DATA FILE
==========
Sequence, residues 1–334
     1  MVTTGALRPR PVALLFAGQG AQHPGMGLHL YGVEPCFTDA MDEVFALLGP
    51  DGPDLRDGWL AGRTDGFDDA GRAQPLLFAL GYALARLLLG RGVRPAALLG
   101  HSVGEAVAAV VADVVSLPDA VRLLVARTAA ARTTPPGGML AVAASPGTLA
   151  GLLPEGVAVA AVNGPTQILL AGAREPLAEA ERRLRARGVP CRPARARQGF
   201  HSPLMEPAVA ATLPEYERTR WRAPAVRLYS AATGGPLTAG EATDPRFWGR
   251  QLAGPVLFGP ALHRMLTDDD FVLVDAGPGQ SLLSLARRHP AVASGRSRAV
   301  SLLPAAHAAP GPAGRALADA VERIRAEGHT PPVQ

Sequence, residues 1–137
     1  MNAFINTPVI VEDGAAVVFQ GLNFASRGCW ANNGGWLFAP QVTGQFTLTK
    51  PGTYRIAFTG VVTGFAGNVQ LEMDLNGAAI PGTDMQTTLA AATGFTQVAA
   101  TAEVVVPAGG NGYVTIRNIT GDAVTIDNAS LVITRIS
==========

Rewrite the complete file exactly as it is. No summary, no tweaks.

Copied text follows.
Sequence, residues 1–334
     1  MVTTGALRPR PVALLFAGQG AQHPGMGLHL YGVEPCFTDA MDEVFALLGP
    51  DGPDLRDGWL AGRTDGFDDA GRAQPLLFAL GYALARLLLG RGVRPAALLG
   101  HSVGEAVAAV VADVVSLPDA VRLLVARTAA ARTTPPGGML AVAASPGTLA
   151  GLLPEGVAVA AVNGPTQILL AGAREPLAEA ERRLRARGVP CRPARARQGF
   201  HSPLMEPAVA ATLPEYERTR WRAPAVRLYS AATGGPLTAG EATDPRFWGR
   251  QLAGPVLFGP ALHRMLTDDD FVLVDAGPGQ SLLSLARRHP AVASGRSRAV
   301  SLLPAAHAAP GPAGRALADA VERIRAEGHT PPVQ

Sequence, residues 1–137
     1  MNAFINTPVI VEDGAAVVFQ GLNFASRGCW ANNGGWLFAP QVTGQFTLTK
    51  PGTYRIAFTG VVTGFAGNVQ LEMDLNGAAI PGTDMQTTLA AATGFTQVAA
   101  TAEVVVPAGG NGYVTIRNIT GDAVTIDNAS LVITRIS